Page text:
“It has been scientifically proven that medical marijuana has a considerable impact in treating conditions common with veterans when they return from service, like chronic pain and PTSD,” Lee stated. “This legislation will empower veterans and their doctors to make informed decisions about the use of medical marijuana to treat chronic conditions in states with legal medical marijuana programs without federal interference.”

  • Cannabis Legalization Bill Passes Sixth House Committee In Minnesota

A bill to legalize cannabis in Minnesota was approved by the House Judiciary Finance and Civil Law Committee on Wednesday. This is the sixth House Committee that has approved it, reports Marijuana Moment.

The measure was first presented in February by House Majority Leader Ryan Winkler (D), Speaker Melissa Hortman (D) and other lawmakers. If turned into law, it would allow adults to legally buy and own up to 1.5 ounces of cannabis and to grow up to eight plants.

“The purpose of House File 600 is to eliminate the harm that cannabis has in our society,” Winkler said of the bill at the hearing. “The primary harm that cannabis poses in Minnesota is the prohibition and criminal enforcement of cannabis.”

  • Indiana Governor Signs Legislation Amending Current Traffic Safety Law In Relation To Cannabis Consumption

Indiana Governor Eric Holcomb signed legislation to enable a legal defense for those car drivers charged with violating the state’s cannabis ‘per se’ traffic safety law, writes NORML.

This means that, under the new law, those motorists with traces of THC or its metabolite in the body, but who are not responsible for a traffic accident and who have no evidence of intoxication, will be offered an affirmative defense, reports the outlet.

The state’s current traffic safety law doesn’t allow any detectable level of either THC or THC metabolites in motorists while driving.

  • Limited Medical Cannabis Bill Moved To The Senate Floor In Tennessee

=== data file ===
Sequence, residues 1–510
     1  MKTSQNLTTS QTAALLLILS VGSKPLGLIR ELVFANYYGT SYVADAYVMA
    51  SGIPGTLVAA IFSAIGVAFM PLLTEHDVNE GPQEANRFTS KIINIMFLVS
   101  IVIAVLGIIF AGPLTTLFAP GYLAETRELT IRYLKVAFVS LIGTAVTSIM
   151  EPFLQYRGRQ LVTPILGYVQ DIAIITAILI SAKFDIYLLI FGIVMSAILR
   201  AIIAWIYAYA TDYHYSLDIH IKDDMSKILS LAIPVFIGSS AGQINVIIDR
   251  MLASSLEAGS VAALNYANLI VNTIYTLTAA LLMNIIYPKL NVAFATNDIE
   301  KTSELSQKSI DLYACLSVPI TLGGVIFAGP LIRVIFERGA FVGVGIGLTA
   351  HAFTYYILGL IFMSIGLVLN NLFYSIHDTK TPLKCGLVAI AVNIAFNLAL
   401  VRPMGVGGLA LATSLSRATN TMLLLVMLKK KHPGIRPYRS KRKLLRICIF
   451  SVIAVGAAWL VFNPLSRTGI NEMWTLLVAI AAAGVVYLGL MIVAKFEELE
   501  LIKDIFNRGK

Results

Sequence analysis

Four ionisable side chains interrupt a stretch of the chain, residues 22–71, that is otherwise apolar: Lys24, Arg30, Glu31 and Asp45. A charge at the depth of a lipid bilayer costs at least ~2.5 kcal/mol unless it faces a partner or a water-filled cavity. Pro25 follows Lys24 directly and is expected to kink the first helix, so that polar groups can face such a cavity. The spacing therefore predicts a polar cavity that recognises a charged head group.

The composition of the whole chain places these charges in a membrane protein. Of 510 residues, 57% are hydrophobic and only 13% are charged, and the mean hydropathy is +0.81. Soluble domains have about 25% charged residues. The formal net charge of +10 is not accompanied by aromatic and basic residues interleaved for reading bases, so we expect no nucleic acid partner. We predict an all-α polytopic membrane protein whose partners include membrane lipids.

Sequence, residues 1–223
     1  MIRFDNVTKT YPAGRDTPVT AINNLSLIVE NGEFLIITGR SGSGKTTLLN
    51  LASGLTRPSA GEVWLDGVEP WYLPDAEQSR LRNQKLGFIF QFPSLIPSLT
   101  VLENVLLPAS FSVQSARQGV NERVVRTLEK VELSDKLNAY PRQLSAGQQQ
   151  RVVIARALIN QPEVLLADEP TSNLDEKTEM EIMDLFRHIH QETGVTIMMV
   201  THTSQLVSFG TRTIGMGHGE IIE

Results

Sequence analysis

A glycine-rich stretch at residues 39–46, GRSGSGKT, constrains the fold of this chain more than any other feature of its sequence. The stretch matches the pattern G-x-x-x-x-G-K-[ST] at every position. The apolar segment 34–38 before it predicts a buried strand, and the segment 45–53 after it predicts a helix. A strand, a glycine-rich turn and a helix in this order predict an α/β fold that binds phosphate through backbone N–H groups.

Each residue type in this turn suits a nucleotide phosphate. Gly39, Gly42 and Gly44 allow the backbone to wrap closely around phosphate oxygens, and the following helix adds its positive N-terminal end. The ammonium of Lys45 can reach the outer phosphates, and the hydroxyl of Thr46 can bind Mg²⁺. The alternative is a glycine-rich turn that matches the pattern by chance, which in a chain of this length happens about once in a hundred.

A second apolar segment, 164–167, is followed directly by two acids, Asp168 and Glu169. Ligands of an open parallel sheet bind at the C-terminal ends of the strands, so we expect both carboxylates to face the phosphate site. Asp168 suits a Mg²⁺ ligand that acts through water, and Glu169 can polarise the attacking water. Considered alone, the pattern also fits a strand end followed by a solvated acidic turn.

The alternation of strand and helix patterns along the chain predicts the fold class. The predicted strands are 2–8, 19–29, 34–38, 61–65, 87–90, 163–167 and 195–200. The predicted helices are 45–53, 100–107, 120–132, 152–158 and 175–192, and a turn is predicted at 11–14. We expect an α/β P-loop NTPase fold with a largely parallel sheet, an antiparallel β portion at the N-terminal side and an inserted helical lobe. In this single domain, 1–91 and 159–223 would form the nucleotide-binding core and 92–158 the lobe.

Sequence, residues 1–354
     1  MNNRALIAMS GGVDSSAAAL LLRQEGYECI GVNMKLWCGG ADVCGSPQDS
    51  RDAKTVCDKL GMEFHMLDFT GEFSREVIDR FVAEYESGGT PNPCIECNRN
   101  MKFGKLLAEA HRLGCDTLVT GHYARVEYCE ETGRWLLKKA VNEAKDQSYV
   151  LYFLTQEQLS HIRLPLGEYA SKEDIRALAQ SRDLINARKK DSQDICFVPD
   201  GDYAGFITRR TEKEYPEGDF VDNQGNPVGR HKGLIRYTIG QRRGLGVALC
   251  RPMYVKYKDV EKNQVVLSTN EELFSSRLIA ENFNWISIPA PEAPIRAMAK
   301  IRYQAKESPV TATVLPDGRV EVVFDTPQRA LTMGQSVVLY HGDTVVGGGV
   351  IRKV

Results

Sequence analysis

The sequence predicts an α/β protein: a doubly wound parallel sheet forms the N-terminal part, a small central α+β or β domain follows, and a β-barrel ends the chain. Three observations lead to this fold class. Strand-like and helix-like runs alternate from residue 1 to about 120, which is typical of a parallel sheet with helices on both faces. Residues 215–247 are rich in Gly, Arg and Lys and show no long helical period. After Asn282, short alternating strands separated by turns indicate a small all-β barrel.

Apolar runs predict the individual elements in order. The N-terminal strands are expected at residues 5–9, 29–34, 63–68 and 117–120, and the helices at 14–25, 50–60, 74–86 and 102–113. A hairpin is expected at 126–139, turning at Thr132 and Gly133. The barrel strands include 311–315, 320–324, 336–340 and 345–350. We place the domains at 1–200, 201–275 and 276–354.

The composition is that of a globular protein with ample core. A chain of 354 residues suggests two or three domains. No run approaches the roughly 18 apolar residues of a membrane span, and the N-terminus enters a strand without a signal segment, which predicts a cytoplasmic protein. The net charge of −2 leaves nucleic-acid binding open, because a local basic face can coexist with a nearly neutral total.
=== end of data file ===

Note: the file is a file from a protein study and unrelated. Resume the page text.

A limited medical cannabis bill was approved by a committee in Tennessee, advancing it to the Senate floor, reported Marijuana Moment.

The measure, sponsored by Sen. Becky Duncan Massey, amends the state’s statute creating medical marijuana exceptions for patients suffering from one of 11 conditions, including cancer, epilepsy, PTSD, HIV/AIDS, and multiple sclerosis.

There is one big issue with the proposed measure, though: the state doesn’t have any cannabis dispensaries, and the bill clearly demands patients to obtain medical cannabis from “a licensed medical marijuana dispensary in a jurisdiction where the sale of the cannabis” is legal.

This seems to mean that the measure is either aimed at those out-of-state medical cannabis patients who are traveling through Tennessee, or for local patients traveling to another state, getting a medical cannabis recommendation, buying it there and bringing it back to The Volunteer State, writes the outlet.

What’s more the measure also proposes many limitations to what type of cannabis could one possess.

A more generous bill to create a medical cannabis program in the state passed several committees this year, but was denied by the Senate Judiciary Committee in March.

Photo by Louis Velazquez on Unsplash